Posts tagged columns
Posts tagged columns
I have two related columns not directly linked in this piece: “Monetary Policy and Financial Stability" and my discussion of Janet Yellen’s views: "Janet Yellen is Hardly a Dove: She Knows the US Economy Needs Some Unemployment.”
What I say in the column about how a low elasticity of intertemporal substitution affects how the Fed should respond to risk premia is informed by the discussion I gave of a paper of Mike Woodford and Vasco Curdia at a Bank of Japan conference (which I mentioned and linked to here.) Claudia Sahm, Matthew Shapiro and I are working on literature review of empirical work on the elasticity of intertemporal substitution for our paper on that topic. I will have more to say on that in the future.
Update: I wrote this column (which is about much more than Jeremy Stein himself) just in time. On April 3, 2014, Jeremy Stein announced he was resigning from the Fed. But we might see him again in the future in high government office.
Here is a link to my 46th column on Quartz, “One of the biggest threats to America’s future has the easiest fix,” coauthored with Noah Smith. I talked about some of the issues of capital budgeting addressed in this column a while back in my post "What to Do When the World Desperately Wants to Lend Us Money" and Noah has talked about the importance of infrastructure investment a great deal on his blog Noahpinion.
Other Threats to America’s Future: Our editor wanted to title the column “The biggest threat to America’s future has the easiest fix.” I objected that I didn’t think it was the very biggest threat to America’s future. I worry about nuclear proliferation. Short of that, I believe the biggest threat to America’s future is letting China surpass America in total GDP and ultimately military might by not opening our doors wider to immigration—a threat I discuss in my column "Benjamin Franklin’s Strategy to Make the US a Superpower Worked Once, Why Not Try It Again?"
Technical Afterword to the Column (Please Read Column First):
There is a very interesting feature to our proposed capital budgeting system that we should highlight. How can the capital budget ever be negative? The capital budget plus the non-capital budget must add up to the total budget. So for a given total budget, a negative capital budget makes the non-capital budget bigger. What is going on is this: regular maintenance is like a quasi-entitlement within the non-capital budget. In any given year, regular maintenance as a component of the non-capital budget is fixed in advance and can’t be altered by the legislature. The only way it changes is that it is gradually reduced if the quantity of capital to be maintained gets lower, or gradually increased if the amount of capital to be maintained gets bigger.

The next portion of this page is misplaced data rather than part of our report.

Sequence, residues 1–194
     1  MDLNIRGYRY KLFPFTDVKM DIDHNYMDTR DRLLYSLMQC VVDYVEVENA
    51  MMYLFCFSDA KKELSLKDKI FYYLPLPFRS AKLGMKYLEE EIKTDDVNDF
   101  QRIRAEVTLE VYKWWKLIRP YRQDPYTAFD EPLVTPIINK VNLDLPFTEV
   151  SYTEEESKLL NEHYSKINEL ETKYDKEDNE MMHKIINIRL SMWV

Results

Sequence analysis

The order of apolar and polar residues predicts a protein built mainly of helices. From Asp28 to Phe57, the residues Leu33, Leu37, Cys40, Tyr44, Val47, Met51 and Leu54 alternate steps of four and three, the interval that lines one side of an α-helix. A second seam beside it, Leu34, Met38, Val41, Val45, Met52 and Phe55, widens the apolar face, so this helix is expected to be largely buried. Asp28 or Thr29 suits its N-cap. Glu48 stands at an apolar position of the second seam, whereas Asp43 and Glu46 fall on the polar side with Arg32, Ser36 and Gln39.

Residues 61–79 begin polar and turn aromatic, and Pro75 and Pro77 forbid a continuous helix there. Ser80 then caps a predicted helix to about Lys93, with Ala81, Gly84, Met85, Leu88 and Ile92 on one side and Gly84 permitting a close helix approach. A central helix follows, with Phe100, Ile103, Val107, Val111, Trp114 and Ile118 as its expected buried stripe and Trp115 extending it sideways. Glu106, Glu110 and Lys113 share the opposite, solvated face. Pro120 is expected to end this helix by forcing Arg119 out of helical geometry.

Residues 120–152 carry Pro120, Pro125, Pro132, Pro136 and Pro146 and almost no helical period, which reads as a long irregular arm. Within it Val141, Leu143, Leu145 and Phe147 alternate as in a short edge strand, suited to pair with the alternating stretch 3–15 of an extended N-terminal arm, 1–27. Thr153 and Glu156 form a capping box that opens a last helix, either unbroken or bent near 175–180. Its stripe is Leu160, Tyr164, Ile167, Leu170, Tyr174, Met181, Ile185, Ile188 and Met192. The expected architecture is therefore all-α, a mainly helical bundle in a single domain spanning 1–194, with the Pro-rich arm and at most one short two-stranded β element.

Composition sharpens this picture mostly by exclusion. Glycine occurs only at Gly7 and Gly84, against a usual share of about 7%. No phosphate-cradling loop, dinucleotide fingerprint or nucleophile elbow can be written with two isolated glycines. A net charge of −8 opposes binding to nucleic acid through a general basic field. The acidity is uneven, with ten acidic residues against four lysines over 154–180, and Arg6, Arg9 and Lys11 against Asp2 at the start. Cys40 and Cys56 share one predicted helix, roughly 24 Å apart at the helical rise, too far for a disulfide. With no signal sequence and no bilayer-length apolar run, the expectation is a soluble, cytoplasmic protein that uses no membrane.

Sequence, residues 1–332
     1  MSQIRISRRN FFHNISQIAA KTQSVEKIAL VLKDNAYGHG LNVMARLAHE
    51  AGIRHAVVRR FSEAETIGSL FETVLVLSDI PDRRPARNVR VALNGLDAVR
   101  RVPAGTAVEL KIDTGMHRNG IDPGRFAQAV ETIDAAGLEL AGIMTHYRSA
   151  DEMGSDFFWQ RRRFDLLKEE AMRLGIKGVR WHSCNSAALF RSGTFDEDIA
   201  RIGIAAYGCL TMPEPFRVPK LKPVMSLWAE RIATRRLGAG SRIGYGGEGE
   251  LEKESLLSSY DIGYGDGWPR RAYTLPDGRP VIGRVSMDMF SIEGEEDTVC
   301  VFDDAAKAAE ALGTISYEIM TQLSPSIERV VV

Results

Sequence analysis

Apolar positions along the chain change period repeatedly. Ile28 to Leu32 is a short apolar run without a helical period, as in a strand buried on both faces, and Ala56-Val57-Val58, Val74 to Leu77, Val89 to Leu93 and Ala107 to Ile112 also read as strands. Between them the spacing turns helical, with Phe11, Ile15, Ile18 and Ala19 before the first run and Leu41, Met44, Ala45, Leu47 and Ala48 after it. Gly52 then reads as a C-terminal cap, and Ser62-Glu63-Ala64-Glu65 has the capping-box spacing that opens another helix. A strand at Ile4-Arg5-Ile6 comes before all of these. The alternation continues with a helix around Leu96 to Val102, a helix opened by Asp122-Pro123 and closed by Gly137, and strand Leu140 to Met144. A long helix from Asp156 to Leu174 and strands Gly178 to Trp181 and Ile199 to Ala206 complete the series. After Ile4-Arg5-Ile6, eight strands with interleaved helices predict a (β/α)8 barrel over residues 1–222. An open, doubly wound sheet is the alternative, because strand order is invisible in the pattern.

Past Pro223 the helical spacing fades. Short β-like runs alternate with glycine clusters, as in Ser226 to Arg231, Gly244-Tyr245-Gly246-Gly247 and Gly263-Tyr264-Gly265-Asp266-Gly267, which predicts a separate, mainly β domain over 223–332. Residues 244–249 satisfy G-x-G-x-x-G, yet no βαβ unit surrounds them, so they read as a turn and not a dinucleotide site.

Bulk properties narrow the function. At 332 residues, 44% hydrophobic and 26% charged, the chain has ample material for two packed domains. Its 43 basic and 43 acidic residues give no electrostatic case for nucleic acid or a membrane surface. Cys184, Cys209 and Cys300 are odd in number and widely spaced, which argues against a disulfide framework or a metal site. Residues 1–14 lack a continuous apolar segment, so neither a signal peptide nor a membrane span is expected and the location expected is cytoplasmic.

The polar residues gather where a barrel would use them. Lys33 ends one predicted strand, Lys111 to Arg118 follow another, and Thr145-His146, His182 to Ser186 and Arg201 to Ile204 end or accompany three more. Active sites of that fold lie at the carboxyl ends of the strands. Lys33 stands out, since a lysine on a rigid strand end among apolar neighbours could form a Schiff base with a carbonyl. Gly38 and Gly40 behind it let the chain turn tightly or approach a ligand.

In this lack of discretion about regular maintenance as a component of the non-capital budget, there is no real tying of the hands of the legislature: they could always choose to have a very negative capital budget, which would increase the non-capital budget enough to cover that maintenance. So if the legislature as a whole acted like a fully rational actor, this principle is not a constraint at all. But as political economy, it makes a difference, and a good one. The legislature can increase the non-capital budget and reduce the capital budget. But what the legislature can’t do is get more funds for other things by letting capital decay without it showing up in the accounting as an increase in the regular budget and reduction in the capital budget.